Guide Work Out Engineering Thermodynamics

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To work out thermodynamic problems we will need to isolate a certain portion of the universe, the system, from the remainder of the universe, the surroundings. The first law is the starting point for the science of thermodynamics and for engineering analysis. The first law makes use of the key concepts of internal energy , heat , and system work. It is used extensively in the discussion of heat engines. Internal energy is defined as the energy associated with the random, disordered motion of molecules.

It is separated in scale from the macroscopic ordered energy associated with moving objects; it refers to the invisible microscopic energy on the atomic and molecular scale. For example, a room temperature glass of water sitting on a table has no apparent energy, either potential or kinetic.

But on the microscopic scale it is a seething mass of high speed molecules. If the water were tossed across the room, this microscopic energy would not necessarily be changed when we superimpose an ordered large scale motion on the water as a whole. Heat may be defined as energy in transit from a high temperature object to a lower temperature object. An object does not possess "heat"; the appropriate term for the microscopic energy in an object is internal energy.

The internal energy may be increased by transferring energy to the object from a higher temperature hotter object - this is called heating. When work is done by a thermodynamic system, it is usually a gas that is doing the work. For non-constant pressure, the work can be visualized as the area under the pressure-volume curve which represents the process taking place.

The change in internal energy of a system is equal to the head added to the system minus the work done by the system:. Intuitively, we know that energy flows from high temperature to low temperature. List is empty. Account Log in Registration. Work Out Engineering Thermodynamics by G. In Stock. Very Good Good Well Read. Qty: Add to cart.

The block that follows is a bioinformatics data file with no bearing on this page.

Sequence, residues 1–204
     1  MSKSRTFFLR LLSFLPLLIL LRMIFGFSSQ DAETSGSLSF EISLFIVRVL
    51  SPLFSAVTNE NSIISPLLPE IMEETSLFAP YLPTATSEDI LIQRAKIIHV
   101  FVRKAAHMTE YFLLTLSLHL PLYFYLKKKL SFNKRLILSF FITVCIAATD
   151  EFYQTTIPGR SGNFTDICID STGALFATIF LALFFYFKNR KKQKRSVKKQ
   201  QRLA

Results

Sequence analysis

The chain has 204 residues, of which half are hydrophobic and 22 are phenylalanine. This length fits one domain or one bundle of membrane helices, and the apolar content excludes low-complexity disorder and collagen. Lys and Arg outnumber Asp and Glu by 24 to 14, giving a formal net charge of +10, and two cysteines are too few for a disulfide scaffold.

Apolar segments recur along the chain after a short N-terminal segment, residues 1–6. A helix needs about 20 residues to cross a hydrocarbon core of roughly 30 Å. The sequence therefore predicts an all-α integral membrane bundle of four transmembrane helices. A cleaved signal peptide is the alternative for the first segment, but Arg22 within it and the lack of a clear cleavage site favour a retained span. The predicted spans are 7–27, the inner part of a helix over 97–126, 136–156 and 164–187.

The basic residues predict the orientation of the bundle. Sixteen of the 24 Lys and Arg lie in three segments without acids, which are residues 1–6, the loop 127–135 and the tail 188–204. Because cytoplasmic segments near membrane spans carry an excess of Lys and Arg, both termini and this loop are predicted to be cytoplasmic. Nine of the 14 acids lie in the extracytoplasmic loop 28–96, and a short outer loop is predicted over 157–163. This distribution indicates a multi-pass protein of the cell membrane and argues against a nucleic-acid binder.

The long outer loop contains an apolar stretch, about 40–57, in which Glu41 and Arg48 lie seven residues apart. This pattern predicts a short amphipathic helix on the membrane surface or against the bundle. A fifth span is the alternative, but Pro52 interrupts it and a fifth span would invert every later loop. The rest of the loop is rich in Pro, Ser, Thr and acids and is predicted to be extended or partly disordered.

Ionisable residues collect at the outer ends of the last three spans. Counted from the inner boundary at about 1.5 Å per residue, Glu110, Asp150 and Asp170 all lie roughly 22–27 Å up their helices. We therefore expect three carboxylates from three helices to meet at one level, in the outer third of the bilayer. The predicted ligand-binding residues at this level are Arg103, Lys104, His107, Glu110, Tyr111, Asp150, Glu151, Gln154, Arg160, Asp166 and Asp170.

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Free delivery in the US Read more here. Every used book bought is one saved from landfill. So far we have looked at the work done to compress fluid in a system.

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Suppose we have to introduce some amount of fluid into the system at a pressure p. Remember from the definition of the system that matter can enter or leave an open system. Consider a small amount of fluid of mass dm with volume dV entering the system. Suppose the area of cross section at the entrance is A. This value of pv is called the flow energy. The amount of work done in a process depends on the irreversibilities present. A complete discussion of the irreversibilities is only possible after the discussion of the second law.

The equations given above will give the values of work for quasi-static processes, and many real world processes can be approximated by this process. However, note that work is only done if there is an opposing force in the boundary, and that a volume change is not strictly required. If the system changes its states from 1 to 2, the work done is given by. Before thermodynamics was an established science, the popular theory was that heat was a fluid, called caloric , that was stored in a body.

Thus, it was thought that a hot body transferred heat to a cold body by transferring some of this fluid to it. However, this was soon disproved by showing that heat was generated when drilling bores of guns, where both the drill and the barrel were initially cold. Heat is the energy exchanged due to a temperature difference. As with work, heat is defined at the boundary of a system and is a path function.

Heat rejected by the system is negative, while the heat absorbed by the system is positive. The specific heat of a substance is the amount of heat required for a unit rise in the temperature in a unit mass of the material. If this quantity is to be of any use, the amount of heat transferred should be a linear function of temperature.

This is certainly true for ideal gases. This is also true for many metals and also for real gases under certain conditions. Since it was customary to give the specific heat as a property in describing a material, methods of analysis came to rely on it for routine calculations.

However, since it is only constant for some materials, older calculations became very convoluted for newer materials. Calculating specific heat requires us to specify what we do with Volume and Pressure when we change temperature. When Volume is fixed, it is called specific heat at constant volume C v. When Pressure is fixed, it is called specific heat at constant pressure C p. It can be seen that the specific heat as defined above will be infinitely large for a phase change, where heat is transferred without any change in temperature.